This created a new dilemma, though: such "divergent" units, when added to the expanding fluff and new units created for each book, meant that some things had no model. Before, this was a no-no; GW was a model company and you didn't write things into codices unless they had a model, because that was basically advertising a product you didn't sell. There were some rare exceptions (like Space Marine Drop Pods), but they were few and far-between, not the standard that they have become today. However, under the new philosophy of codex design, GW realized that such units were not only necessary to write balanced books, but also beneficial to them.

If you want to play with a Tyranid or Dark Eldar army these days, what do you do? Buy a bunch of Hive Guard or Warriors, sure. Add Raiders and Incubi, naturally. But what then? You still need to make some Tervigons/Venoms. So you buy a couple other kits- maybe a Carnifex and Trygon, or maybe a Vyper and Raider. You hack them up. You add bitz you had left over. You get some third-party stuff even, maybe. But here is the important thing: you buy more models. It is nigh-impossible to construct these "units without models" without buying at least some GW models, and often a LOT. Conversions, unless you have tons of bitz laying around or are extremely savvy with Ebay, are expensive things. They may only be a bit more than the standard GW kit, or they may run 2x or 3x the cost, but they are almost universally more expensive. Games Workshop has learned that they are okay with this- when someone makes a Griffon out of a Basilisk and some parts, they are still buying a Basilisk kit; likewise a Thunderwolf from a box of Space Wolves and some Fantasy horses/daemons/etc. Even without them lifting more than a couple fingers to add some text to a book, they are making money off of models that don't exist, and doing so in a way that fits almost perfectly into what they want to be their business model (i.e. selling miniatures, not rules.)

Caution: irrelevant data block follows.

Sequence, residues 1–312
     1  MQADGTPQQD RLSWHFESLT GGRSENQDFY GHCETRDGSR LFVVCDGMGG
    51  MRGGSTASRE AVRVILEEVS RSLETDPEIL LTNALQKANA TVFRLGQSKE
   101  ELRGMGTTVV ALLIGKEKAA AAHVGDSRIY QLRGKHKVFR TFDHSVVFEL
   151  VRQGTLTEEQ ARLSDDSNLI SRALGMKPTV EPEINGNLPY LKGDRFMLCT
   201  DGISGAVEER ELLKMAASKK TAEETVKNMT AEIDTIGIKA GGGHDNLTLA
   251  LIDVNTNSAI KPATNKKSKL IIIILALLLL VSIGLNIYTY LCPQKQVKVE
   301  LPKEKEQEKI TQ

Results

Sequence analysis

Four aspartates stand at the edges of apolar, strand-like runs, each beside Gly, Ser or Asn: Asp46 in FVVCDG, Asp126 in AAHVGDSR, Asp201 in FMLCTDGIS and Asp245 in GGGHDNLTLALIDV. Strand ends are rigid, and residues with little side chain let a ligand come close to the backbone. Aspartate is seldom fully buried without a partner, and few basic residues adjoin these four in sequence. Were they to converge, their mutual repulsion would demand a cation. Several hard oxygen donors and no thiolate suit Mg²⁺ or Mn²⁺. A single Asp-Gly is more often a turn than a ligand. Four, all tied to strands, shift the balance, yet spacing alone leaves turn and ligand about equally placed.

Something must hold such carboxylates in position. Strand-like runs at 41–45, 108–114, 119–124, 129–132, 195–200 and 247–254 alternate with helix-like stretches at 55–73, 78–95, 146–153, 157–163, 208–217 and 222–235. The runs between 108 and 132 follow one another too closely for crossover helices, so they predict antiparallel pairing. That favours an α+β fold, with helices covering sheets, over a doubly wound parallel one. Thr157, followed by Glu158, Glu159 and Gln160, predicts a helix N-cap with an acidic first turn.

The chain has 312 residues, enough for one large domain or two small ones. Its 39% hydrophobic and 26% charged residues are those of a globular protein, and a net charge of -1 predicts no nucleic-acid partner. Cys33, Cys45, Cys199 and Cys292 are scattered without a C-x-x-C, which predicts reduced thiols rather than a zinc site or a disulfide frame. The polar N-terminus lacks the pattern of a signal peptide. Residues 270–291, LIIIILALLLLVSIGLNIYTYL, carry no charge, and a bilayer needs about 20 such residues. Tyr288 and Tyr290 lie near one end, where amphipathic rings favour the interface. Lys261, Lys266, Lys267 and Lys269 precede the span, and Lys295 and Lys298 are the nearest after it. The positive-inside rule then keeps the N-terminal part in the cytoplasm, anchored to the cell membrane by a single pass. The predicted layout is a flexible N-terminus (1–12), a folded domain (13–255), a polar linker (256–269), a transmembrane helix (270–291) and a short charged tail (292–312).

So look at this from GW's perspective: having units without models lets them write a better game, encourages people to buy their stuff, encourages kitbashing and other hobby activity, and saves them a ton of money on making expensive molds. What's not to like.

And from the player's perspective? We get a cool new unit that you can use or not as you prefer, a chance to showcase your creativity if you so desire and a better-balanced codex thanks to the freedom the designers get.

Would it be nice if some of these things got models? Certainly- I can understand that not everyone wants to convert a dozen skimmers just to play an army. Do I understand why GW picks the models they do to release? Not in the slightest, but perhaps that is the burden of having to do the sculpting part of the production on a very different timeline than the playtesting portion. But, despite these difficulties, I think that the existence of these units is nothing but a boon to the game and the hobby.